City, State Launches Biodiesel Facility

If you know Montgomery, you've no doubt heard of Mary B's Buffet and its famous fried chicken.

The restaurant goes through 350 pounds of cooking oil every week.  When the city asked owner Rick Monroe to donate used oil, he found the request a little strange.

"The city comes by every couple of times a week and sucks it out and puts it in their truck," Monroe explained.

The oily efforts, however, are all in the name of science.

A new biodiesel production facility takes the oil from local restaurants and turns it into something useful.

"I just had an opportunity to walk over there to [a] tractor [that's] running off of what we made," explained State Agriculture Commissioner Ron Sparks said during a press conference at the facility's opening.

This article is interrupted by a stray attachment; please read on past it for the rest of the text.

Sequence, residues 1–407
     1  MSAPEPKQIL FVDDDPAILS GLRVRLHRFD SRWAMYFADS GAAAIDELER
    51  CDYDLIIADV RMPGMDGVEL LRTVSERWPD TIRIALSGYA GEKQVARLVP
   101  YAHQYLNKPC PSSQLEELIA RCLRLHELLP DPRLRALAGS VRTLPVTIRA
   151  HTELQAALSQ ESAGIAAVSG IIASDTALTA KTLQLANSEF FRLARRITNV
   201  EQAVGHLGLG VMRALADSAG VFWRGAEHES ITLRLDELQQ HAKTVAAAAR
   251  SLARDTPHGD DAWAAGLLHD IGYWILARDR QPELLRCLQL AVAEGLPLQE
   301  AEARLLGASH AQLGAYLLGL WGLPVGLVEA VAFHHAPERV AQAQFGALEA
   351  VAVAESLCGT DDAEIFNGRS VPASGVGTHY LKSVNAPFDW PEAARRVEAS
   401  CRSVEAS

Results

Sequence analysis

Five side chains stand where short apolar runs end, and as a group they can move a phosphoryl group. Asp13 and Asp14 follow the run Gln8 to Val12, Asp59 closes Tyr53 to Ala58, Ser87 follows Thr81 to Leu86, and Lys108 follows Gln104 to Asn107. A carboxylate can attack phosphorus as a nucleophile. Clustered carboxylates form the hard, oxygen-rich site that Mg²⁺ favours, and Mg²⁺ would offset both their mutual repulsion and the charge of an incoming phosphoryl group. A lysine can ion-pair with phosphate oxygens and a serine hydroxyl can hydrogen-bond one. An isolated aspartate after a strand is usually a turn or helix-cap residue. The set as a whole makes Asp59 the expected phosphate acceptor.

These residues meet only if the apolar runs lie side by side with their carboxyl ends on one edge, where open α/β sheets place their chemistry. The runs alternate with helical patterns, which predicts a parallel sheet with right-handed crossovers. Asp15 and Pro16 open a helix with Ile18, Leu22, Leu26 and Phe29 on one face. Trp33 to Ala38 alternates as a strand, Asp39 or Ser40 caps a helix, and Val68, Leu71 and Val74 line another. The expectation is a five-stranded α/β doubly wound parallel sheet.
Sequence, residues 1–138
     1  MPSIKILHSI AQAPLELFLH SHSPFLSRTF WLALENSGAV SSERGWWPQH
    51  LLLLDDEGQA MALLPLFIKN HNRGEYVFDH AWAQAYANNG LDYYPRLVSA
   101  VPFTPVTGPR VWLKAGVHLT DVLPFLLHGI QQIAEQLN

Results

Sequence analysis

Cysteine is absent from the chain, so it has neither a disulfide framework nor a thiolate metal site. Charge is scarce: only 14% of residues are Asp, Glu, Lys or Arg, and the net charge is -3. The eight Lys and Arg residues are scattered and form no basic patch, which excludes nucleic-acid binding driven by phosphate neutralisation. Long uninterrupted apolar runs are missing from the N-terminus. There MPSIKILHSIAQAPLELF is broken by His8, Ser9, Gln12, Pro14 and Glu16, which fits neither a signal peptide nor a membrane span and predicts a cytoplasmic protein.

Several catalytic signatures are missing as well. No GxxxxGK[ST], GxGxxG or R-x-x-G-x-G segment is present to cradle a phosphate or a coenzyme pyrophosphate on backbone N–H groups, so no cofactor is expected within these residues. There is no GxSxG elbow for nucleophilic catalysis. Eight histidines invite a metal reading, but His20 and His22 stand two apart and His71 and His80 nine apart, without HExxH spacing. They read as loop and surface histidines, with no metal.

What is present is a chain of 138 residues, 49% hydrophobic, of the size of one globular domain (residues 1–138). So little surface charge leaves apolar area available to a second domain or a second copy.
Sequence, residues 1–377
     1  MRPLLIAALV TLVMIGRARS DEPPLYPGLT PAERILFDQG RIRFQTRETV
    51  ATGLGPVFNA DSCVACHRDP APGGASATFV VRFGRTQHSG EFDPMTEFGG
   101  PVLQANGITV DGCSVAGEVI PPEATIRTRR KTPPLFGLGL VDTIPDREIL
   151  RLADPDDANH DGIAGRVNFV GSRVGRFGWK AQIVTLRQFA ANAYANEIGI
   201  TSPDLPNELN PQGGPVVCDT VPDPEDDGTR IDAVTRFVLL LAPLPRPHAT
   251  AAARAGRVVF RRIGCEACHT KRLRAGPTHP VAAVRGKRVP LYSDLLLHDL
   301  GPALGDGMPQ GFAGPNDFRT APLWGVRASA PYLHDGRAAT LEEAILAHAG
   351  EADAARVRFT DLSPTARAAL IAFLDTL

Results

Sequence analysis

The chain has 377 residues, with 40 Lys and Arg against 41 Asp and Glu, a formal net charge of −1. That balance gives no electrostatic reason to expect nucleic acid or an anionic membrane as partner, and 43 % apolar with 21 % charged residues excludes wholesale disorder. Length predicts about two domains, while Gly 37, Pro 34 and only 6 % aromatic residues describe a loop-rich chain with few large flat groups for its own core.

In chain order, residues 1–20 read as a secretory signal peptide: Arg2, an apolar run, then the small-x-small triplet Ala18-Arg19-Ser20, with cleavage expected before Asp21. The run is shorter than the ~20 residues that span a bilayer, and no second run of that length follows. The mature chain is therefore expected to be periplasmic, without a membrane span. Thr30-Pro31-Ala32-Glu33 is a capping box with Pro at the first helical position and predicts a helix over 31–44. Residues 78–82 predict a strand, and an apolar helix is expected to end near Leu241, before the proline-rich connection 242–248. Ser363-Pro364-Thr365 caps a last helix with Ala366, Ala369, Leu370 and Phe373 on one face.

Instead of thick smoke, the new fuel smells a lot like french fries and burns cleaner.

Montgomery's mayor says the biodiesel is a benefit that will hopefully grow over time.

"As our steps become larger, the dependency on other fuel will become smaller and smaller," explained Mayor Bobby Bright.

It takes an 8-hour chemical process to refine the cooking oil into usable fuel for trucks, heavy machinery, and other vehicles.

However, with a way to combat rising fuel costs and improve the environment, city leaders say it's well worth the wait.

"The city, and city crews will be a major recipient of this asset," Bright explained.

It's an effort that leaves restaurateurs eager to help.

"I'm honored that I'm able to cut down on some of the expenses to the city," Monroe said.

Reporter:  Cody Holyoke